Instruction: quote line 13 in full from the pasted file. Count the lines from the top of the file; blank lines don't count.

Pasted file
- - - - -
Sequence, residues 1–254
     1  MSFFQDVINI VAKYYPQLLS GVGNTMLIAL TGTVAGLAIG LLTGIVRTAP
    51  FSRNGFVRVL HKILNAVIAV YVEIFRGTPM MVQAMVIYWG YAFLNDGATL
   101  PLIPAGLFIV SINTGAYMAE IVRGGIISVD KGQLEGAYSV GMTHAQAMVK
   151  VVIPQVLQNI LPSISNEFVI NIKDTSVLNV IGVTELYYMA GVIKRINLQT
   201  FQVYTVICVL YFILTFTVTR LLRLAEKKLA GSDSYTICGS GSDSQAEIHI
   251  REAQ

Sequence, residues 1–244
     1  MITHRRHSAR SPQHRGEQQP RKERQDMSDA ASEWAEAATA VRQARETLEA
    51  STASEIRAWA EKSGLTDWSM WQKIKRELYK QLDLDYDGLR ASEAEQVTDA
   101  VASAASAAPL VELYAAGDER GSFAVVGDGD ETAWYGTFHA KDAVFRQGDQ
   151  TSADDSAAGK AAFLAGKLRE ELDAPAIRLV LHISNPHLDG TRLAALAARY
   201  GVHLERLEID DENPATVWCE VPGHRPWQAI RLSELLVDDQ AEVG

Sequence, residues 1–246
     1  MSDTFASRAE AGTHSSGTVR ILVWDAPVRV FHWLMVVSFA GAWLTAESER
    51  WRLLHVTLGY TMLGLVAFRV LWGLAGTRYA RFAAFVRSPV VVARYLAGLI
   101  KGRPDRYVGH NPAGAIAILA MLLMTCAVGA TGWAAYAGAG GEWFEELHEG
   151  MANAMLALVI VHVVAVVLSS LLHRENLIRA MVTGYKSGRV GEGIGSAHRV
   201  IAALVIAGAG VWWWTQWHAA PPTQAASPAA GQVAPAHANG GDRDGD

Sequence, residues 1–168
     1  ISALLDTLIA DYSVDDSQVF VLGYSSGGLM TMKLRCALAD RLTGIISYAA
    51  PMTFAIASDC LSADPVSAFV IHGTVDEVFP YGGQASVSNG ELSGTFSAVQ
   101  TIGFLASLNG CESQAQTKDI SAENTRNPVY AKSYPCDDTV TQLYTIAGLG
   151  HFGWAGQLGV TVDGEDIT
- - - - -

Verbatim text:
   201  GVHLERLEID DENPATVWCE VPGHRPWQAI RLSELLVDDQ AEVG